Hollywood and the Discovery Channel have revealed to the public what archaeologists find under a mummy’s dressings: dusty, cracked representations of a former self. And while ancient techniques have worked to preserve the bodies and organs of the deceased, such means have maintained them in a salt-cured state, obviously not in working order—much less preserving a youthful appearance. But the fact remains that some of the history of ancient Egyptian culture can be learned from such well-preserved bodies and from the techniques used by the Egyptians to preserve them (see Preservation by Mummification).
Who knows how the mummies’ faces and bodies might have looked had they been treated while alive with the ultra healing benefits of today’s advanced controlled-release moisturizers. Perhaps typecast mummies of current horror and science fiction films would instead be gracing the pages of Cosmopolitan.
Textiles, bandages, socks and gloves, and other wrap-type articles in close contact with skin have been finding applications in personal care through innovative collaborations. As an example, known for years in the spa industry as a means to remove toxins from the skin, wraps are being used in reverse—to deliver skin benefits such as healing agents, vitamins, actives and more. This column offers a brief survey with commentary on technologies being developed to deliver cosmetic or dermatological benefits via textiles.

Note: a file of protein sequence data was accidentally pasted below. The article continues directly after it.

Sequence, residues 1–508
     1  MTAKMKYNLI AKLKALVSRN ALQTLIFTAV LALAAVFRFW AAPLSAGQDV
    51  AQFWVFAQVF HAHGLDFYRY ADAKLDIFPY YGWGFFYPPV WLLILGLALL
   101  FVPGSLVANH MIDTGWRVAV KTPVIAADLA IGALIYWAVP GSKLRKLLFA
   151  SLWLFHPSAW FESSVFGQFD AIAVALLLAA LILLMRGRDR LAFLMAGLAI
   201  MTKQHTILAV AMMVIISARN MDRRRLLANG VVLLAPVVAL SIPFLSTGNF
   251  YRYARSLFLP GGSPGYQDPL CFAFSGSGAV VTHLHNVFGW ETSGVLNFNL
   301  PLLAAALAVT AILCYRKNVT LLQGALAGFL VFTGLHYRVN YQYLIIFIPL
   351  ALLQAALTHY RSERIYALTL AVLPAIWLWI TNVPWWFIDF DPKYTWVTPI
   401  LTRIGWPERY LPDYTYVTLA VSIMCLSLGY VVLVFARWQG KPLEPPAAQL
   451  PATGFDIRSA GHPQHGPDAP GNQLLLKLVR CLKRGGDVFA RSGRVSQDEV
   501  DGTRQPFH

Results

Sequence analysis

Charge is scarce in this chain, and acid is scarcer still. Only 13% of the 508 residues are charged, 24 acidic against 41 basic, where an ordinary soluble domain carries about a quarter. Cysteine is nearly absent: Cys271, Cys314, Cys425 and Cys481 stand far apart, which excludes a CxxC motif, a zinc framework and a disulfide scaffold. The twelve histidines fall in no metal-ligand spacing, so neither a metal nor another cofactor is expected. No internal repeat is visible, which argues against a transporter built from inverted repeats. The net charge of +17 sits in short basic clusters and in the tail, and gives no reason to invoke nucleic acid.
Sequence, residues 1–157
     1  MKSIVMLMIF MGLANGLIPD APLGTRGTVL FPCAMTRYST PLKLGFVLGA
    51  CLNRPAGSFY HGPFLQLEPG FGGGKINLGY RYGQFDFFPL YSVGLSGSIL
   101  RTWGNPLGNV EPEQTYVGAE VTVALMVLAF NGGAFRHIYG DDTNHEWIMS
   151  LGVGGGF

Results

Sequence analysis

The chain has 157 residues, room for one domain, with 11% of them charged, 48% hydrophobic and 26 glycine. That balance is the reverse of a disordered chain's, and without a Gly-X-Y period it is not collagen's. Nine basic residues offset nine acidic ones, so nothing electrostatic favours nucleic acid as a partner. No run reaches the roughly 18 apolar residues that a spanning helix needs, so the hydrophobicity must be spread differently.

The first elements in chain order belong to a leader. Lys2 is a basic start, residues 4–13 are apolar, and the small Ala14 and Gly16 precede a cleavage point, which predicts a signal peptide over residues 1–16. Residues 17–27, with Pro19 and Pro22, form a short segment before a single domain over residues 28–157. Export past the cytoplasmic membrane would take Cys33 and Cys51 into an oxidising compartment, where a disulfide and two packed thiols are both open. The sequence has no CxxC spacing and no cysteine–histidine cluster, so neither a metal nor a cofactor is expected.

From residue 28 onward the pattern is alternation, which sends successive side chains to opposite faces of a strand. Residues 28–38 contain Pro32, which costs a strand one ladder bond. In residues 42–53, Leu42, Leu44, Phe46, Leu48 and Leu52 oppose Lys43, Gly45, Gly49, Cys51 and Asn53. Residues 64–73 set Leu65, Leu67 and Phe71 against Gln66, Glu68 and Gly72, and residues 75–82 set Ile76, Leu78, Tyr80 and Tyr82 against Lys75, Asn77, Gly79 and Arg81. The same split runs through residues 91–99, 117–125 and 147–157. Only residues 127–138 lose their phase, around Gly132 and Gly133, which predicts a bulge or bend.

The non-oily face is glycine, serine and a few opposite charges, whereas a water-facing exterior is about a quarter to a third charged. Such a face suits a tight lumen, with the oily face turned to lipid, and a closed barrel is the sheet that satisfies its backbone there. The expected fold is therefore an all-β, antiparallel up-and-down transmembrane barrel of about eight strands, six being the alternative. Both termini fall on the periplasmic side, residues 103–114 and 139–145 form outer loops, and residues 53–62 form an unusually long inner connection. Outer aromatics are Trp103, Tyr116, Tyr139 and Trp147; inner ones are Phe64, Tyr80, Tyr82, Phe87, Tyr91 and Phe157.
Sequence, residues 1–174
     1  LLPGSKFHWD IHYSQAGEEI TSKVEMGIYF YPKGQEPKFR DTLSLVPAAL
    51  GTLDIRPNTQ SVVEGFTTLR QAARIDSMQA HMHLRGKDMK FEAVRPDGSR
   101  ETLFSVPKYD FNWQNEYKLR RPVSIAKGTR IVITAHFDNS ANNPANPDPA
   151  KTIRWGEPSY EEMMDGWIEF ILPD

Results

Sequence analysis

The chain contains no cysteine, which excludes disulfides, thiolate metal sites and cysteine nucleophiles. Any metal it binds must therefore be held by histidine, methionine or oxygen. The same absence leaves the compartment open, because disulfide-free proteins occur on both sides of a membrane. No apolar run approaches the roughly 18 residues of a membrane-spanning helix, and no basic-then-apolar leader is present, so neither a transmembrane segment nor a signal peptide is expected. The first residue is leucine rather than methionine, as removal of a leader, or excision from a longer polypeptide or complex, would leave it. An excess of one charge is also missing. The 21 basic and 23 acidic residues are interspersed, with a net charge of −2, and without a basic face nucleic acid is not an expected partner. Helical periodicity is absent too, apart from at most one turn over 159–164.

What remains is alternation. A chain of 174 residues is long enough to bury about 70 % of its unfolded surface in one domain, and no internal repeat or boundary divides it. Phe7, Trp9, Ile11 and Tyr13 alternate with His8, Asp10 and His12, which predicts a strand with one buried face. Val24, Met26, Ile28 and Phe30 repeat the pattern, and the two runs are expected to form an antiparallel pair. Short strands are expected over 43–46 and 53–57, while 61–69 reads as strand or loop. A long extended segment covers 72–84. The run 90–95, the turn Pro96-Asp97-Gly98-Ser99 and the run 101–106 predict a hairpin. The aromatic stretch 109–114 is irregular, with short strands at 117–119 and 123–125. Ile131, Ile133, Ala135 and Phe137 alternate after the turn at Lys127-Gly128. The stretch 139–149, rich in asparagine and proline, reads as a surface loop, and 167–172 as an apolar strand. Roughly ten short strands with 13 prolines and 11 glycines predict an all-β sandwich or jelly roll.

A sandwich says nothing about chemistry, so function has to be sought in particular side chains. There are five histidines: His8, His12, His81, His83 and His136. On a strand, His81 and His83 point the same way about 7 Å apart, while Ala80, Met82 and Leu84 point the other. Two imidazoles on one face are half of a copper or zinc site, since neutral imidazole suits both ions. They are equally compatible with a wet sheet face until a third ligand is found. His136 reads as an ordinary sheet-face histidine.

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Excerpt Only This is a shortened version or summary of the article that appeared in the April 2008 issue of Cosmetics & Toiletries magazine. The full content is not currently available online.